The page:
Enterprise Console, the administrative UI, is well laid out and easy to navigate. It doesn't offer too much flash, but keeps useful and vital information close at hand. The graphical dashboard allows admins to quickly see the overall health of the system and the quick links make it easy to access policy items. Being able to click on an item, such as a detected threat, and drill down to get to more specific information about the threat is important for admins.

In McAfee, Symantec, Trend Micro, and Check Point, Sophos has heavyweight competitors with good endpoint security solutions. But Sophos' combination of broad client support, strong security services, ease of administration, and well-rounded reporting set it apart.

-- Keith Schultz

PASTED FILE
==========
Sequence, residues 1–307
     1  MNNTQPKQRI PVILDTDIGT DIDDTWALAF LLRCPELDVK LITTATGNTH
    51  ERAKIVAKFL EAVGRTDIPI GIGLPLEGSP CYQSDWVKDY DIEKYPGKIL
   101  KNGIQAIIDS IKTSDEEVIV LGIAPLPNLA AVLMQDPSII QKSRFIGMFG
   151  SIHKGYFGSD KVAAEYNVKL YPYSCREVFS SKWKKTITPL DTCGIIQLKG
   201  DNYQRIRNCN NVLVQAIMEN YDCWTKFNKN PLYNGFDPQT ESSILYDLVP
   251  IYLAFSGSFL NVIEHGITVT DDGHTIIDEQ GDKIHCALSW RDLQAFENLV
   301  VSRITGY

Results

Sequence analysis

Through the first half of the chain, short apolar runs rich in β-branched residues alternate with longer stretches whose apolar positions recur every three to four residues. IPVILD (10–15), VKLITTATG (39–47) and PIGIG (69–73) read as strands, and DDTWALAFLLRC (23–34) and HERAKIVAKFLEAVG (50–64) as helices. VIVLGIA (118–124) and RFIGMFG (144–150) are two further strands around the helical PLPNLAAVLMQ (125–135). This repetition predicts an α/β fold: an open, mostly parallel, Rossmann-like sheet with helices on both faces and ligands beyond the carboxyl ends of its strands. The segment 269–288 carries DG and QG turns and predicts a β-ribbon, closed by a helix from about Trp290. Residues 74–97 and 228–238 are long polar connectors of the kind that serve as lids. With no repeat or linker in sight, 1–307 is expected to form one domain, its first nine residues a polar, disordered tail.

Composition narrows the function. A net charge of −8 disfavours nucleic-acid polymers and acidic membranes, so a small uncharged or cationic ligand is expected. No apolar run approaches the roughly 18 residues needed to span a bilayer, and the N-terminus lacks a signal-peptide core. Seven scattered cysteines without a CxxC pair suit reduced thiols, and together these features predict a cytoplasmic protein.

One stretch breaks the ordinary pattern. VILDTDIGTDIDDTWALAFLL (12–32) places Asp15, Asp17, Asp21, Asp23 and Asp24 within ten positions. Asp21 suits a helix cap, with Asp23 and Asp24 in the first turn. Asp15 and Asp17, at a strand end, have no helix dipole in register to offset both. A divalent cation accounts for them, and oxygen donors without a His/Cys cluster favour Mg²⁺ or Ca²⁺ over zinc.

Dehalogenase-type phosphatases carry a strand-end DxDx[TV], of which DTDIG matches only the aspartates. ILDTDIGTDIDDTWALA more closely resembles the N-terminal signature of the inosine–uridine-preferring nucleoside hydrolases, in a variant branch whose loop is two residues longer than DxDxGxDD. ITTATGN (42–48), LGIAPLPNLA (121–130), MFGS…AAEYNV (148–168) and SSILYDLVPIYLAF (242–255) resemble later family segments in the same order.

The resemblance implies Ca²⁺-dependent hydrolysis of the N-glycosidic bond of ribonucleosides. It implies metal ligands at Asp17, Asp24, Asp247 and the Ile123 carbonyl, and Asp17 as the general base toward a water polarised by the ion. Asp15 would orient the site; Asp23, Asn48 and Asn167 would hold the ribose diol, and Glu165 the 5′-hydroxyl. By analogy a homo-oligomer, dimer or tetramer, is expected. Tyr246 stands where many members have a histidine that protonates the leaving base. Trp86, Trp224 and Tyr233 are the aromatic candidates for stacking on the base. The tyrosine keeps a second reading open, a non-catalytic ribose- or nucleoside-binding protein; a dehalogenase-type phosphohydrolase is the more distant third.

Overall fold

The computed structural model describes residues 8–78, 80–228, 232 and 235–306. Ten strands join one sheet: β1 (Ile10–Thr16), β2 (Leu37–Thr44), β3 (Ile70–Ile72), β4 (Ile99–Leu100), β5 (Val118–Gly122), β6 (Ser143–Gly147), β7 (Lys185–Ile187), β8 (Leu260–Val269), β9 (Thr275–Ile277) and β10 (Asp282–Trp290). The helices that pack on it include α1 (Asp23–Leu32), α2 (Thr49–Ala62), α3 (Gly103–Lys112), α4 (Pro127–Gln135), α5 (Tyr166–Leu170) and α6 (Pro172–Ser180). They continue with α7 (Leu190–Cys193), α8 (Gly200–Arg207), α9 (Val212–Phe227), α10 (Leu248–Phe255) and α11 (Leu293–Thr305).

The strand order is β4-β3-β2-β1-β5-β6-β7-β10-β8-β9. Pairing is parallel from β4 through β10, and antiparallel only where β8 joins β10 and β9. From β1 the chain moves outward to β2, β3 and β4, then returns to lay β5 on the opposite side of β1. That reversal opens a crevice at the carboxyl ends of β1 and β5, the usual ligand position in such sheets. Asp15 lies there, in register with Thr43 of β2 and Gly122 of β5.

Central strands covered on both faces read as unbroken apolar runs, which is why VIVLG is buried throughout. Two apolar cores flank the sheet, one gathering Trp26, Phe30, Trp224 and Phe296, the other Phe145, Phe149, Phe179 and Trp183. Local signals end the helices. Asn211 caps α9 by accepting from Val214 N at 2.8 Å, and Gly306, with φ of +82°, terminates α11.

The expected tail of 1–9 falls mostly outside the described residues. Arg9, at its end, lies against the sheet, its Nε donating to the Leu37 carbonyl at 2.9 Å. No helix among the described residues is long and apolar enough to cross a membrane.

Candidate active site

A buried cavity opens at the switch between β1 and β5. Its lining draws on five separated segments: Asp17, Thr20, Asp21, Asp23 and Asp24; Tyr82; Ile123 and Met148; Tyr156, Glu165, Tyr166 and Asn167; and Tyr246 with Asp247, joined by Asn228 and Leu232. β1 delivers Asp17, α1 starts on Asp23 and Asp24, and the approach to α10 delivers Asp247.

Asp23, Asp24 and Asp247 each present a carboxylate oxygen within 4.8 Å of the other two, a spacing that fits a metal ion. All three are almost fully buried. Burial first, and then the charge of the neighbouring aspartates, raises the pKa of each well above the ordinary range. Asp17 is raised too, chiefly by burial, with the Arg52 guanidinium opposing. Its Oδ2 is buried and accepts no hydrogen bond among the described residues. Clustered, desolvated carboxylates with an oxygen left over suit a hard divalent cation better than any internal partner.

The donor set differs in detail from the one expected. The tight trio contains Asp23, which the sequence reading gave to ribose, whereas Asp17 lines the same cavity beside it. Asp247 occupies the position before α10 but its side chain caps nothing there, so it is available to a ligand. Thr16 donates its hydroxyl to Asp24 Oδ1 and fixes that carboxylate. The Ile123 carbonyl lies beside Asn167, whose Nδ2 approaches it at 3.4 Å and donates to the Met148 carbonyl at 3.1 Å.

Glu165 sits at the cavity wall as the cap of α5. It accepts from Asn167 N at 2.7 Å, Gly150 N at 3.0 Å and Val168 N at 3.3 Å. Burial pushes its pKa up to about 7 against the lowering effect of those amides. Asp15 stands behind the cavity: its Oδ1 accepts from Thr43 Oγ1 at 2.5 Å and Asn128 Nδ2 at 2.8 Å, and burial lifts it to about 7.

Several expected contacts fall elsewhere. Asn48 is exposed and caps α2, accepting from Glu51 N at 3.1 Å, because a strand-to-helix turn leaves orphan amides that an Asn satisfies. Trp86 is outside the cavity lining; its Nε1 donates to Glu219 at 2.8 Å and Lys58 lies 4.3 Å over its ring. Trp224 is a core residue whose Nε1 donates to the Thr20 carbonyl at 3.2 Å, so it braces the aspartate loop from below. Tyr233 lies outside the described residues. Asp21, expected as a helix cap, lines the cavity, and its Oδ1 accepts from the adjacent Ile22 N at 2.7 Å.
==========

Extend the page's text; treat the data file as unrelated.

Bit9 Parity Suite 5.0 Now that each year produces more unique malicious programs than legitimate ones, whitelisting-based application control programs have finally come of age. Bit9's Parity Suite has long been a leader in this space, but its capability of linking application control to a reportable risk metric puts it in a class by itself.

Parity meets or exceeds all of the requirements of a whitelisting solution. For example, known-good computers can be scanned to create baselines, and individual files and folders can be whitelisted or blacklisted. Bit9 takes whitelisting to a new level by ranking identified files as to their trust and risk; these rankings can be based upon hash identification, digital signature (if included), software category (if known), and location of the computer. All reported client hashes are compared against known malware and legitimate vendor files. Bit9 Parity is linked to a cloud service with more than 7.5 billion legitimate and malicious files predefined and hashed.